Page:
Wednesday, September 14, 2011

Women in the Continental Army

In the summer of 1778, during the Battle of Monmouth, Mary McCauley Hays (1754 – 1832), the wife of John Hays, fetched water for her husband and his gun crew, earning her the moniker of “Molly Pitcher”. After her husband John was injured, she took his place in the gun crew. Most of you did not hear the dubious tale in grammar school about Mary and the cannonball. When a cannonball was said to have passed through Molly Pitcher’s legs it ripped off her petticoats. Molly remarked to this narrow escape, “It was a good thing it hadn’t been higher, or it would have carried away something else!”
Mary became a scrubwoman after the war. Because of her duty with the gun crew, the Pennsylvania Assembly granted her a yearly pension of $40.00.
Another American woman who wanted to serve her country was Deborah Sampson (1760 – 1827). Before the war began, Deborah was an indentured servant; however, in 1782 she joined the army under the name of Robert Shurtleff. Miss Deborah Sampson was the only woman in the Continental Army to serve during the American Revolution.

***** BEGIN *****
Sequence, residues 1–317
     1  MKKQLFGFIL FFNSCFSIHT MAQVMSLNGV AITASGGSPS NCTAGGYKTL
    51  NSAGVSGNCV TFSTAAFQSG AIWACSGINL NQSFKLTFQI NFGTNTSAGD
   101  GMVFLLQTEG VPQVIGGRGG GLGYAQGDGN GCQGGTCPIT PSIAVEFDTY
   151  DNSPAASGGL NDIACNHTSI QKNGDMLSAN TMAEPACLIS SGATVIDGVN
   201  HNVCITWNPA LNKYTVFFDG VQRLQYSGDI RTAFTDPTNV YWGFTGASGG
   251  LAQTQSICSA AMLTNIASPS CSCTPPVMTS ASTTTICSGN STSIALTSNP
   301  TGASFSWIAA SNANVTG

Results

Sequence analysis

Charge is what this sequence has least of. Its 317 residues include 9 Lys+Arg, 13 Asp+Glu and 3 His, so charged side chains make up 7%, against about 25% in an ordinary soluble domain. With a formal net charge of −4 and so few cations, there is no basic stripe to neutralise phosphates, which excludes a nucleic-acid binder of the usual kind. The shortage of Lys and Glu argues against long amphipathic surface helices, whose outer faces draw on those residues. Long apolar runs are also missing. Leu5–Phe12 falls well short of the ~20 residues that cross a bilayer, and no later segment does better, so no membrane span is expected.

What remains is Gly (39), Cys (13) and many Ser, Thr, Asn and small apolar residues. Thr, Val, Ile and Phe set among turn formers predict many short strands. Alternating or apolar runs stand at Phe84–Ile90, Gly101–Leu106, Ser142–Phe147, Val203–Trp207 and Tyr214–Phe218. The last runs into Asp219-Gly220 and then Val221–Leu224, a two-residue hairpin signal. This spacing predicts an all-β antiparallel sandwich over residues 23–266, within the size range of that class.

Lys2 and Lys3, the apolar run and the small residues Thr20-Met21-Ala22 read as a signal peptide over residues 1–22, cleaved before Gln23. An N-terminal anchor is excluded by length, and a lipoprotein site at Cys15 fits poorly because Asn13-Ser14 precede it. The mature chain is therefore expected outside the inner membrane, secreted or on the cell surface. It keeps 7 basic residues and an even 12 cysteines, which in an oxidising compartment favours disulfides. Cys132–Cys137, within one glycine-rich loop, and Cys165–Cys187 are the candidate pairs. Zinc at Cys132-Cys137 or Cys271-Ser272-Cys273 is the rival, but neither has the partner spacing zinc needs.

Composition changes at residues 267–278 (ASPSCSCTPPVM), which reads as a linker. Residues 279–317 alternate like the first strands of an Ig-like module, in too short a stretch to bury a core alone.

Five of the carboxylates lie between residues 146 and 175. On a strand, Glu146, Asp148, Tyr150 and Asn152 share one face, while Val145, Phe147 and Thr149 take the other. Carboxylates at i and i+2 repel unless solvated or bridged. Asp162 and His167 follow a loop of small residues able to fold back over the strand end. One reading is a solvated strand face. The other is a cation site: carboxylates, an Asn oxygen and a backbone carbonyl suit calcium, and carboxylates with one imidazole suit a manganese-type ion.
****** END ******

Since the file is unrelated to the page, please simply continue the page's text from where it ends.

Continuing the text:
“Robert Shurtleff” was assigned to the Fourth Massachusetts. “He” earned the nickname “Molly” because “he” did not shave “his” face. This fact still did not reveal her gender. She was discharged in 1783 after she contracted a high fever, which gave away her identity. The next year Deborah married and did receive a small military pension.
After the war, Deborah Sampson began a lecture tour in 1802 by donning a soldier uniform and relating her military experiences. She was one of the first women in America to perform on the lecture circuit. Congress granted her heirs a full military pension in 1838.

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